Pardon the bad pun, but I wanted to continue the nice, civilized discussion we’ve been having today about OO getters and setters in CF. Ben Nadel started it all, I ran off my mouth, then Brian Kotek took the ball and ran with it. I’m taking the ball now, as I don’t want Brian to think I am picking on him — so come into my house and pick on me for a while.
My assertion, in a nutshell:
The getter paradigm for instance variables is useless in ColdFusion for all but a few, albeit important, edge cases. The proliferation of one-line getters in CF code is just silly — YAGNI. Please think before you click that button to generate a list of getters for every public property in your object.
I’m going to try to stop using contrived examples and start giving concrete ones. Unfortunately, this means I have to find actual code to support my crazy assertions. So, for the record, I haven’t picked this code out to pick on the author — it’s literally just what came to mind.
That being said, I’m going to use a popular piece of Open Source CF: Ray Camden’s BlogCFC. In the eponymous blog.cfc file there are two great examples, right next to each other:
<cffunction name="getProperties" access="public" returnType="struct" output="false"> <cfreturn duplicate(instance)> </cffunction>
This is, IMHO, a great use for a getter — you want to return a complex datatype (struct), so you deep copy it. This getter is actually doing something.
But! I may not mean what you think I mean! Are you copying it for the right reason?
One right reason to make a deep copy might be because you want to provide a stable snapshot of the object state. If you just passed a top-level reference, the reentrant nature of CF might accidentally screw over the caller.
But if you’re copying it in some attempt to keep the caller from mucking about in your internals … why? We’re talking about ColdFusion here. We’re not talking about a language with airtight concepts of public and private data. If the caller wants to tromp all over your private data, it’s going to take finer coding acrobatics than that to stop them.
And again, why? Don’t you trust your caller to behave responsibly? As it stands, this particular coding practice as an attempt at data protection is akin to a “no girls allowed” sign on a treehouse.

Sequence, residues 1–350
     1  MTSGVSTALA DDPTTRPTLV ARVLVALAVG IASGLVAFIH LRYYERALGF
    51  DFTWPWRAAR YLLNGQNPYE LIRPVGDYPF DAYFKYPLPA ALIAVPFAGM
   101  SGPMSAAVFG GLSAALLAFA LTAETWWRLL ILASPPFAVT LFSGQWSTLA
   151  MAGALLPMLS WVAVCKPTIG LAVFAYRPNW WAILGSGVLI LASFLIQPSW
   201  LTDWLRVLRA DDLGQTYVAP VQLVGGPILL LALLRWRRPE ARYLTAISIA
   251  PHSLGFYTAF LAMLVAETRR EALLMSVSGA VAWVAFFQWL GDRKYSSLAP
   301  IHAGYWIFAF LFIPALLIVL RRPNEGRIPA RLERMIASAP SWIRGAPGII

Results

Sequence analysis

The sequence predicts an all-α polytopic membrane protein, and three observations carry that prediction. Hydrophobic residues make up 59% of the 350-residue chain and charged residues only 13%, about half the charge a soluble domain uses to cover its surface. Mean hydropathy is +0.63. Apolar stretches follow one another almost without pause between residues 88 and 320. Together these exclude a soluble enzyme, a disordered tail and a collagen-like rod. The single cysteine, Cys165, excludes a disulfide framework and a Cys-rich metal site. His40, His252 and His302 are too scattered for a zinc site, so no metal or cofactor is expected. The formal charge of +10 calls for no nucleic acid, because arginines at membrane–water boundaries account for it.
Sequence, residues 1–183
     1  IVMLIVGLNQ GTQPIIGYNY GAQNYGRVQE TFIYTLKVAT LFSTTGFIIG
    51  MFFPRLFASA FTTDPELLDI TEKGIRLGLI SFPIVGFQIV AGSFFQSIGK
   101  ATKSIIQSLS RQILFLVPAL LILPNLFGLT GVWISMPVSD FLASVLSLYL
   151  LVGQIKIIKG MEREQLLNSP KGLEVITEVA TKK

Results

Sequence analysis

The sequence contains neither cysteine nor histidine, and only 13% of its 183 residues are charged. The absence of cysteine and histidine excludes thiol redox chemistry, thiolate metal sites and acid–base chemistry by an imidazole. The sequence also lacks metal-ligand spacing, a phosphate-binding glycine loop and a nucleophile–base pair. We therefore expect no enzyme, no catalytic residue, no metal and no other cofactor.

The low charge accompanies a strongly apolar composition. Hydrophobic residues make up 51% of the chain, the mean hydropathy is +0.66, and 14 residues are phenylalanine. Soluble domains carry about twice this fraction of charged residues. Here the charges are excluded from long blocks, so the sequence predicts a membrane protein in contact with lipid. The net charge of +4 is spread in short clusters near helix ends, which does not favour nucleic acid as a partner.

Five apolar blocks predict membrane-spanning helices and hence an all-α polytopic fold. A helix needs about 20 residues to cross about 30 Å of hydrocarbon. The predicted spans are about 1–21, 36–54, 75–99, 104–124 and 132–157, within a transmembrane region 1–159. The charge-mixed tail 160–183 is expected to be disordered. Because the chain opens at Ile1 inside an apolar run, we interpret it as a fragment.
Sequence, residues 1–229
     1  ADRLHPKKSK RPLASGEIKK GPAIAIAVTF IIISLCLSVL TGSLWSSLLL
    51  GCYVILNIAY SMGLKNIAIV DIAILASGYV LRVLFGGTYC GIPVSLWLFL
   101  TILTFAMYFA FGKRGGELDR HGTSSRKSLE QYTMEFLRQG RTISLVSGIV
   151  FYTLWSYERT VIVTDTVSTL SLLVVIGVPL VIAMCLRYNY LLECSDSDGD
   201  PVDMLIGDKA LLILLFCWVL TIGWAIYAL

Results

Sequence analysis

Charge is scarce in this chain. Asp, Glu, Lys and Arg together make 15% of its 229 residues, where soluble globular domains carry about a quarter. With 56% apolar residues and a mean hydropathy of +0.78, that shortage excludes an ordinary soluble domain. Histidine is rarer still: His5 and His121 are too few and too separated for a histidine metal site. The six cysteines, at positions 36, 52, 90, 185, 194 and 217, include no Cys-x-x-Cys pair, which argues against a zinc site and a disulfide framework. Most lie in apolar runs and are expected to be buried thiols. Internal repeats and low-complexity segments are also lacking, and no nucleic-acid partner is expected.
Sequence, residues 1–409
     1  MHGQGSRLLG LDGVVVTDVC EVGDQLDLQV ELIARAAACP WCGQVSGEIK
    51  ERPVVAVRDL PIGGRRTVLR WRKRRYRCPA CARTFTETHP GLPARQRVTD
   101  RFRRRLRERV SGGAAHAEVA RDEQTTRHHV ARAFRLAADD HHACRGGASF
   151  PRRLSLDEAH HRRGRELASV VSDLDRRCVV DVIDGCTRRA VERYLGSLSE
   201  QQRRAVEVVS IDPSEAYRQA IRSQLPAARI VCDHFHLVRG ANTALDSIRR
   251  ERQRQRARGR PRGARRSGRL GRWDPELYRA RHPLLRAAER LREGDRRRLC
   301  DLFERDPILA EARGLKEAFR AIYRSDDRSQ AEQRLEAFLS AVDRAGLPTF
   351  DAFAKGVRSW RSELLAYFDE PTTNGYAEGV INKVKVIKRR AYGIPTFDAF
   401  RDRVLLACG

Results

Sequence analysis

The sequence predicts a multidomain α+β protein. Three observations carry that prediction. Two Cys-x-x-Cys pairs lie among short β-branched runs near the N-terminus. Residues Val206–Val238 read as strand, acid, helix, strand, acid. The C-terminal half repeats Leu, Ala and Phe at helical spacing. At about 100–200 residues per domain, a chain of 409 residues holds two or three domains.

The very next function in that file:
<cffunction name="getProperty" access="public" returnType="any" output="false"> <cfargument name="property" type="string" required="true"> <cfif not structKeyExists(instance,arguments.property)> <cfset variables.utils.throw("#arguments.property# is not a valid property.")> </cfif> <cfreturn instance[arguments.property]> </cffunction>
This is exactly the type of thing I was talking about in my original post. What actual purpose does this code serve? How is it any better than just having exposed properties, such as #blog.whatever#?
Does it provide data protection? Eh, not really. In some other language it might, but not in CF. (And again — who are you so afraid of?)
Does it provide safety? The check for existence seems to imply that it might … but that’s a red herring. Now, instead of manually checking for existence, the caller has to check for a thrown error. That’s displacing the problem, not eliminating it. (And is the API so volatile that only parts of it exist at any given time?)
Does it provide some other kind of value-add? Not really. There’s no logging or reference counting or any other kind of magic going on here. You might argue: “but what if I want to add logging or reference counting or other magic later?”. If you don’t have a need to do that now, do you really think that you’ll have a need to do that later? Really? You’re going to log variable reads?